By Ellen Wilson Dilks
Malvern’s People’s Light & Theatre Company (PLTC) definitely believes in the adage “Leave ‘em laughing.” They are closing out season #42 with an uproarious production of Ken Ludwig’s 1995 farce MOON OVER BUFFALO. Directed by Pete Pryor, the production runs on the Leonard C. Haas Mainstage through August 13, 2017. Performances are Tuesdays through Sundays at varying times.
Ludwig has become America’s premier farceur over the last several years—starting with the side-splittingly funny Lend Me A Tenor in 1989. Other hits include Leading Ladies, Fox on the Fairway and Shakespeare in Hollywood. MOON OVER BUFFALO is, of sorts, a Valentine to the theatre, especially those hard-working actors who perform in repertory and resident companies. Charlotte and George Hay are (much to their chagrin) in the twilight of their fame—but they still keep hoping for that big break. Their marriage is feeling the strain…
Inspired by real-life theatrical legends (and married couple) Alfred Lunt and Lynn Fontaine, the Hays have been touring the country in various classics for decades. They are currently in Buffalo performing Blithe Spirit and Cyrano de Bergerac in repertory. It is 1953, a time when television was taking a huge bite out of theatre’s revenue and talent pool. The battling Hays try to get it together when they get a call that film director Frank Capra is coming to see their matinee, but everything that can go wrong does. (The essence of farce.)
Director Pete Pryor keeps things moving at a clip, building the lunacy to a pitch as the story progresses. Pryor cut his theatrical teeth on comedy, so he knows how much is just enough. Associated with PLTC for almost a decade, he has assembled a cast of long-time company members who excel at keeping the funny grounded in reality—not an easy task. Pryor has stuffed MOON OVER BUFFALO with lots of rich moments to delight the audience. Actually, the word farce has its origins from a French word meaning “to stuff.” The play is chock full of action and the viewer leaves most satisfied.
As Charlotte and George Hay, Mary Elizabeth Scallen and David Ingram are perfectly matched. Scallen, a company member for close to sixteen years, is delightfully diva-ish as the theatrical “grande dame.” She takes it right to the top, but doesn’t go over, and gives Charlotte’s rare tender moments just the right touch. With PLTC since 1989, Ingram is masterful at both physical and verbal comedy. He delivers George’s many Shakespearean rants with relish and dives full throttle into the sight gags. Equally adept at this genre is Christopher Patrick Mullen, associated with PLTC since 2005. Mullen plays Howard, a very nebbishy weatherman who is engaged to the Hay’s daughter, Rosalind. He is a human slinky when it comes to physical comedy, and nails a laugh line every time. Julianna Zinkel tackles the role of Rosalind. A company member for ten years, Zinkel is primarily the straight man abetting the others craziness—and she does it beautifully. However, she’s no slouch in getting her share of laughs either. Company member Kevin Bergen (1999) plays Paul the stage manager/understudy. Bergen is a great foil for Ingram, matching him comedically note for note. Once engaged to Rosalind, Paul helps George keep certain secrets from Charlotte.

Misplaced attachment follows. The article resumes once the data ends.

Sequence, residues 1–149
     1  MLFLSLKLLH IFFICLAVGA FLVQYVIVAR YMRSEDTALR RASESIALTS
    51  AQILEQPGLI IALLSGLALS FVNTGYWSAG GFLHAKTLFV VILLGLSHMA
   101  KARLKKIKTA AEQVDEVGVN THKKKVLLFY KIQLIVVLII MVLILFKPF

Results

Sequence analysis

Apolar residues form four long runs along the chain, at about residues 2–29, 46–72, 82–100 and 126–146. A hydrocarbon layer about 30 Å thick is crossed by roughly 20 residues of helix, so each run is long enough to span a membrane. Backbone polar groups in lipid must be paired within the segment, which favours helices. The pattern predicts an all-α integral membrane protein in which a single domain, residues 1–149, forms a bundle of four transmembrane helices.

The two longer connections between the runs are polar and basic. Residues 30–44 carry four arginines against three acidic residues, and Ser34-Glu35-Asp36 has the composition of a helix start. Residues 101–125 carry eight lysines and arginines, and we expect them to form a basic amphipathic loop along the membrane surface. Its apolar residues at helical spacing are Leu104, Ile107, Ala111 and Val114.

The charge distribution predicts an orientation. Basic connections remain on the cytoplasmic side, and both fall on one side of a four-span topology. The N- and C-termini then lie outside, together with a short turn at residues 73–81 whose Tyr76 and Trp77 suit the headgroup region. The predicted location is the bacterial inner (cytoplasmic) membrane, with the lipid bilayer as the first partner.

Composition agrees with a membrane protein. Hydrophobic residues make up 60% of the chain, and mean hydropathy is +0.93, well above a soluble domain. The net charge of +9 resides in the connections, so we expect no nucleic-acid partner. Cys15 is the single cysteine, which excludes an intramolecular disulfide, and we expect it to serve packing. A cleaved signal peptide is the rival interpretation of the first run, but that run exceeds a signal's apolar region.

One of those secrets is a liaison with the ingénue, Eileen, played by frequent guest artist Tabitha Allen. Allen is adorably loopy; she makes the most of her brief stage time, endearing herself to the audience instantly. Allen’s also a terrific comedy crier. Peter DeLaurier is a hoot as the Hay’s lawyer, Richard. A company member for over three decades, he seems to be having a blast playing this highly conceited character who thinks he’s the star. Last, but most definitely not least, there’s Marcia Saunders. A part of the People’s family almost all of its 42 seasons, Saunders brings her wealth of acting experience to the role of Charlotte’s deaf mother, Ethel. She pops in, makes a pithy comment, and goes on her merry way—making the viewer laugh every time. Saunders is a gem.
As always, People’s technical staff has stepped up and created the perfect world for the actors to play in. Yoshinori Tanokura’s “green room” set is reminiscent of many I’ve seen. With its varying levels and requisite doors (five this time), it allows Pryor some terrific staging options. John Hoey lights everything perfectly and Christopher Colucci provides a snappy 50s soundscape. Marla Jurglanis’ costumes are a delight. Not only does she evoke the style of the mid 1950s to a tee, she also provides fabulous Cyrano costumes, as well as the glitzy 30s looks for a quick scene from Blithe Spirit. Well done. I must give another shout out to stage manager Kate McSorley Fossner, who keeps everyone—and everything—on point.
MOON OVER BUFFALO is about actors, yes. However—it’s also about family and friendships that become like family. Because People’s Light has such a rich company of resident actors, the audience instantly feels the connections between these characters; the relationships are very real. The long association these actors have enjoyed both onstage and off comes shining through. You can see they’ve been sparked by their director and now spark each other as they perform this hilarious play. All of those ingredients blend beautifully and the flavors will become even richer as the run progresses.
There are plenty of laughs for everyone—even if you’ve never set foot on a stage. Treat yourself to a couple of hours of pure silly.
If you go: MOON OVER BUFFALO, July 19—August 13, 2017 on the Leonard C. Haas Mainstage at People’s Light & Theatre, 39 Conestoga Road (Route 401) in Malvern, PA 19355. Box Office 610-644-3500, or visit www.peopleslight.org Performances are Tuesday thru Sunday, with the Box Office open from noon until 6pm daily.